top of page



The reality is, as a female executive, you will be among a small number of women leading in any space—especially in the tech industry. In fact, only 10% of executive roles in tech are held by women. As the CFO of Ultimate Software, Felicia Alvaro occupies a space very few women have been able to enter (only 11% of CFOs across industries are women). It is an intimidating position to be in, and imposter syndrome might feel the strongest then, but it is also a position of power and a place where you can open doors for other women. Start strong from the get-go

It's not enough to just be good at your job; your relationships will help you move up the ranks at work. Build good relationships with leaders from the very beginning, regardless of their role and gender. At company meetings, social hours or offsite events, engage with as many people as possible (without ever forcing it of course). You may think you don't have anything to discuss with the CEO, but you'd be surprised to find out you have common interests. From initiatives happening at the company to causes you both care about, there is plenty to talk about. A good place to start is to congratulate them on a recent achievement. For example, did he or she write a book or give a talk that you felt moved by? There's an easy conversation starter! Get creative.

Command a seat at the table

In an ideal world, women wouldn’t have to play darts, drink beer or learn how to golf just to be part of the workplace culture. But unfortunately, it's expected at certain companies. In previous roles, Felicia had to push past the uncomfortable feeling to take part of male-dominated activities where she was the only or one of few women, "I got ahead by pushing my way into the 'boys’ club' and commanding a seat at the table." She believes this is the first step towards promoting an inclusive workplace environment and empowering other women to follow your footsteps. "Showing up is a victory in itself; you have to take up space and use your voice so your perspective is taken into account," says Felicia. "Be confident in your abilities and don’t fear being a catalyst for change." Find a mentor and be a mentor to others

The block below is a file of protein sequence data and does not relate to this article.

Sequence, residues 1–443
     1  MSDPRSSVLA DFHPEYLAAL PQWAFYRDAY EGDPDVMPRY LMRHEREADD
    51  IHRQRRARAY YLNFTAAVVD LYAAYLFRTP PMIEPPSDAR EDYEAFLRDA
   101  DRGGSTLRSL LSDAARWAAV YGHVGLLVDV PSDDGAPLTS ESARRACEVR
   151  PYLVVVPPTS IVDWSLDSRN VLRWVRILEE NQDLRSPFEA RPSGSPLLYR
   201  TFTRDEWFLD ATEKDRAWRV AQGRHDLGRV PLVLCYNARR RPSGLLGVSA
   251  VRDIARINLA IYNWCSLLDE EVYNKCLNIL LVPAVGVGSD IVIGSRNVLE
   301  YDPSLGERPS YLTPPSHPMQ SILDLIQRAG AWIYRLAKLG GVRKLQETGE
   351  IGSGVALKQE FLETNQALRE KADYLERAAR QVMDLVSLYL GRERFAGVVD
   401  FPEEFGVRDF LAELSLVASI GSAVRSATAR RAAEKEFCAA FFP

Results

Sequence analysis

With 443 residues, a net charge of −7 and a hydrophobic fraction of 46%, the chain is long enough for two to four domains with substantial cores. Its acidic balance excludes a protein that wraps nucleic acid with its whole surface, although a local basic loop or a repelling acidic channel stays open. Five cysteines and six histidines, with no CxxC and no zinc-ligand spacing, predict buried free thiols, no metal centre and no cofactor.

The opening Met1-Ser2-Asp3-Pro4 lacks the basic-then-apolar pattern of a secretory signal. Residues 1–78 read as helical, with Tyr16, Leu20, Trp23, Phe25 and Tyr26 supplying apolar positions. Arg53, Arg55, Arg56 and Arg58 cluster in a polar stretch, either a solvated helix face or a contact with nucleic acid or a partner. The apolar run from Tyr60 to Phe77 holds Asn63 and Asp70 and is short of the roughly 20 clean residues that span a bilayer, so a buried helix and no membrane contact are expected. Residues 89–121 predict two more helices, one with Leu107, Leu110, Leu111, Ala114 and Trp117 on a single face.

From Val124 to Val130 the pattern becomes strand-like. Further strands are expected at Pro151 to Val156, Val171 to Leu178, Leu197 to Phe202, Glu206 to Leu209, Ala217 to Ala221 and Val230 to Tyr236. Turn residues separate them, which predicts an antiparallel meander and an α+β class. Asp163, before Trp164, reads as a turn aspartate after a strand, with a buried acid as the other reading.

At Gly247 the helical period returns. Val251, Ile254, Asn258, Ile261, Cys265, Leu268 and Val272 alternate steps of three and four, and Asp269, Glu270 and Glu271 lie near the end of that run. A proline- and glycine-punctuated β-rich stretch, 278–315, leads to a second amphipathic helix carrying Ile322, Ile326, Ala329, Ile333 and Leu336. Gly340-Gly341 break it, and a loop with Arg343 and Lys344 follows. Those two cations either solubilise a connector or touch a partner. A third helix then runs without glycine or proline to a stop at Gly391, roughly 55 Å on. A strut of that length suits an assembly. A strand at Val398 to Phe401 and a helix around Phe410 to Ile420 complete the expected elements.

Felicia attributes much of her success to having mentors, "My biggest piece of advice for women is that your mentor doesn’t have to be another woman." While women can have a better understanding of your experience, one the most career-changing relationships Felicia's had has been with a former male colleague who saw her talent and became a mentor to her. "His confidence in me, combined with my own drive to excel, helped me, at the very onset of my career, strive for goals that others might have shied away from." When it comes to finding a mentor, look for people who inspire you, people who would challenge you in a constructive way. Be sure to also carve out time to help others thrive in their careers. SOURCE:

bottom of page